What is a Watershed?
A watershed – also called a drainage basin – is the area of surrounding land that drains into a body of water such as a creek, river, or lake.
A watershed embodies all the life-sustaining connections and interconnections needed for clean water. First among these is the fundamental and inseparable connection between water and land.
A watershed can be as small as a few acres draining into a farm pond, or as large as several thousand square miles for a major river system, such as the Mississippi, or a large inland lake, like Lake Erie. The Huron River drains into Lake Erie, so all of the land in the Huron River watershed is also part the Lake Erie watershed, which is part of the Great Lakes watershed.
A classic river watershed has creeks and streams that drain into the river in a pattern similar to the veins of a leaf. Each creek, or vein, has its own small watershed. Collectively, these creeks merge as they drain into the river, forming the river’s larger watershed. Whether small, medium or large, all watersheds share similarities of form and function, yet each one is ecologically unique.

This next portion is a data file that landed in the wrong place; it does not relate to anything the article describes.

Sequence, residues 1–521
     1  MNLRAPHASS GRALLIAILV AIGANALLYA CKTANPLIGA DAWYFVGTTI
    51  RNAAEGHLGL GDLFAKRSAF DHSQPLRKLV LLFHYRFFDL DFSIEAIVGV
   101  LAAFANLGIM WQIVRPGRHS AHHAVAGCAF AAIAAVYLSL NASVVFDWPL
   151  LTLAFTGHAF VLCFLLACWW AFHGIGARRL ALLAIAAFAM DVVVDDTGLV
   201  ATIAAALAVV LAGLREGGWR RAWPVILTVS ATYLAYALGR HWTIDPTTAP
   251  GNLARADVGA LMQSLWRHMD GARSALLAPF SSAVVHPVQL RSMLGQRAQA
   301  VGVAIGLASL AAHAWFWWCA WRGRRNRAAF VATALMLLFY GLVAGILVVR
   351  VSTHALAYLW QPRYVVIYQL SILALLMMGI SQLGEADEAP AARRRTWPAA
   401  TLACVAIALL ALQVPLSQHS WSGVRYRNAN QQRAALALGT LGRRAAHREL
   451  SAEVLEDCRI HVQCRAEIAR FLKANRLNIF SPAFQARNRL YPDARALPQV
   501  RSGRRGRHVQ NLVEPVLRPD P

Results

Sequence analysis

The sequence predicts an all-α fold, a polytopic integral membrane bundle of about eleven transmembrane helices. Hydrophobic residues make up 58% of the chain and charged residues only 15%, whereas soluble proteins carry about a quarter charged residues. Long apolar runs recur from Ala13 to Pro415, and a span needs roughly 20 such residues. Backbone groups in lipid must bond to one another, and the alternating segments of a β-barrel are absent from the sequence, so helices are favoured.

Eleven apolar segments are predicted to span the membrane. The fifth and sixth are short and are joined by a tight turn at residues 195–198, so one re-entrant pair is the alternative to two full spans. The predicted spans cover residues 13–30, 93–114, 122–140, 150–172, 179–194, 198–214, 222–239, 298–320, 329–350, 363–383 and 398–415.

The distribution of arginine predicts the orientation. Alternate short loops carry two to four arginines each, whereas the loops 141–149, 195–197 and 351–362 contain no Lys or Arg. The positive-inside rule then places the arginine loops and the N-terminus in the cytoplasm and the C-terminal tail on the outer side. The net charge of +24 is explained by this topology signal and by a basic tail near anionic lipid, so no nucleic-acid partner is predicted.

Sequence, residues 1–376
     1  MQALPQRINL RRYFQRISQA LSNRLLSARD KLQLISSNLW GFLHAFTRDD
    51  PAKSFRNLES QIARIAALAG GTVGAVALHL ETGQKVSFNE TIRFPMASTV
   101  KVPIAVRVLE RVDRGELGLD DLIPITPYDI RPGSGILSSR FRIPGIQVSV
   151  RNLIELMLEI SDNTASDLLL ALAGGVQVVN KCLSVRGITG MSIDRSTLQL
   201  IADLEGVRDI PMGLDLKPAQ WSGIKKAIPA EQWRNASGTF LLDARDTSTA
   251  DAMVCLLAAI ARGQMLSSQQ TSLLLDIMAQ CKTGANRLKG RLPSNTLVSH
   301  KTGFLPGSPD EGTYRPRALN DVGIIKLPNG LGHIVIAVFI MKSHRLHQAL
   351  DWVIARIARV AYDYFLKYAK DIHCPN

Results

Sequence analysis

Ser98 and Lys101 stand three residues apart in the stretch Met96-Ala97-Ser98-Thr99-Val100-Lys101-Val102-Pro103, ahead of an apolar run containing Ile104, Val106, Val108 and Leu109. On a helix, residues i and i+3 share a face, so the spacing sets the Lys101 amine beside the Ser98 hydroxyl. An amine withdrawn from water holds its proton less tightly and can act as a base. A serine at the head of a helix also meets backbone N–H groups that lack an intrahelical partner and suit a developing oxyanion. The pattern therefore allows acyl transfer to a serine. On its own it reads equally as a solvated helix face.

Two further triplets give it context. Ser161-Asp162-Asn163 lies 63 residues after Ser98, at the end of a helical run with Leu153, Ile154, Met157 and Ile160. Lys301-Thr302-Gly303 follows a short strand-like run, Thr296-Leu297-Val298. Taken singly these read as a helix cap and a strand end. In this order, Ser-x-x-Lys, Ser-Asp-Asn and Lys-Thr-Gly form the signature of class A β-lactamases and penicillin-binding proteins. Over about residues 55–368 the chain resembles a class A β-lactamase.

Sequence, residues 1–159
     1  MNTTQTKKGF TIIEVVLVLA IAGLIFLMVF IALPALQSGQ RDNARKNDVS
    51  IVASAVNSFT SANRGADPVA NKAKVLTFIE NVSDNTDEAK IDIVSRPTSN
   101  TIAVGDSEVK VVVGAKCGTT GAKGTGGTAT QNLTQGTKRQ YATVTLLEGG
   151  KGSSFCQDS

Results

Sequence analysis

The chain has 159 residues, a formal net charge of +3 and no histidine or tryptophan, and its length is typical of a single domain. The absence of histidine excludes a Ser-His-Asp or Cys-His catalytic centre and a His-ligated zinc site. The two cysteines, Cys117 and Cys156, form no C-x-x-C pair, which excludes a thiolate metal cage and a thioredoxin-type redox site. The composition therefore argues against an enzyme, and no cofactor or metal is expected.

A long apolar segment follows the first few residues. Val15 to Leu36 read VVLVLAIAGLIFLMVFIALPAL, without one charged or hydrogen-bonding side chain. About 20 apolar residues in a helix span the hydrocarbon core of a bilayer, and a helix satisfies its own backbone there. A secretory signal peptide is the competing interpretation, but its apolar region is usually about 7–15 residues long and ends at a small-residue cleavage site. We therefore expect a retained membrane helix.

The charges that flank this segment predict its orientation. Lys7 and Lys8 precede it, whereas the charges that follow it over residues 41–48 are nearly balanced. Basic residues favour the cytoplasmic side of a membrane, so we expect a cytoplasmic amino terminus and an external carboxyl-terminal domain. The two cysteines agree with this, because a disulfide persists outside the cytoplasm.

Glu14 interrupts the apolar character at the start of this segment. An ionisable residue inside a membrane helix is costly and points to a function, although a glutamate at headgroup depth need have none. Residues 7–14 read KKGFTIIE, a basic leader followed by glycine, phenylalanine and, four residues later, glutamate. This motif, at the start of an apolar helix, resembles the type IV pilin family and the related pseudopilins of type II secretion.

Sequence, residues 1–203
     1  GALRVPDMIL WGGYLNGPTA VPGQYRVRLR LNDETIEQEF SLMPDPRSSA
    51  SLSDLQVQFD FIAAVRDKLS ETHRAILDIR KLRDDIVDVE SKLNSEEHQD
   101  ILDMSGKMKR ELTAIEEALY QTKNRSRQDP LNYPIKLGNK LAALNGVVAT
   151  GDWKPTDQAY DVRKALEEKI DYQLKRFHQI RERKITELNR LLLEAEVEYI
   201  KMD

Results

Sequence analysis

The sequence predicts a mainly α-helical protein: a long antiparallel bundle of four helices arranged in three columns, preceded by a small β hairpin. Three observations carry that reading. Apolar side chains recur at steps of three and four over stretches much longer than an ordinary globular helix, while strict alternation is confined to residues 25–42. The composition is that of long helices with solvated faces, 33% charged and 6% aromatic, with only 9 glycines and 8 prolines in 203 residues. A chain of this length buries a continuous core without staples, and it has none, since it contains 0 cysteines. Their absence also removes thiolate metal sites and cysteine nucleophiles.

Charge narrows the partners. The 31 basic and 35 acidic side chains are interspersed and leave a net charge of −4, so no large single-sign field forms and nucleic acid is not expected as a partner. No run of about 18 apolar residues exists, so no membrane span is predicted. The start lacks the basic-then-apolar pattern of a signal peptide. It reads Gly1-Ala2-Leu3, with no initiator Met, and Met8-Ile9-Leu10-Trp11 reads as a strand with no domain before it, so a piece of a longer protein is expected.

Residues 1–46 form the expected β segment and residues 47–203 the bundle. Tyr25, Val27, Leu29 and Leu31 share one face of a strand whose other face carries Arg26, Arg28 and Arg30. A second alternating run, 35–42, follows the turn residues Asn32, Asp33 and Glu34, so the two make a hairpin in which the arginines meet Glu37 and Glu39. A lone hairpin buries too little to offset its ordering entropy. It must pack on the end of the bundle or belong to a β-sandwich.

From the core connection between water and land, other complex relationships emerge between and among animals and plants and their habitats, the habitats and the human residents, humans and the environment, and humans and their communities. The ecology of each watershed embraces all of these relationships, whether good or bad.
The Huron River Watershed
In southeastern Michigan, the Huron River Watershed spans a land area of more than 900 square miles and drains water to the Huron River through hundreds of tributary creeks and streams. The river itself flows more than 125 miles from its headwaters at Big Lake, near Pontiac, to its mouth at Lake Erie. About 1200 miles of creeks and streams flow into the Huron’s main branch. The river’s drainage area includes seven Michigan counties (Oakland, Livingston, Ingham, Jackson, Washtenaw, Wayne, Monroe) and 68 municipal governments, serving six hundred and fifty thousand residents. The spectrum of land use and water environments ranges across remote natural preserves, cultivated farmland, urban and industrial centers, suburban sprawl, and an equal diversity of lakes, ponds, wetlands, creeks, and streams.
Learn more about the ancestral land where you live, work, and study
The Native Land Digital website has a wonderful mapping tool where you can zoom in and get names, links, and information, such as language and treaties, for the native nations and areas you select.
For a special fisheries report by The Michigan Department of Natural Resources check out this assessment of the Huron River Watershed (1995).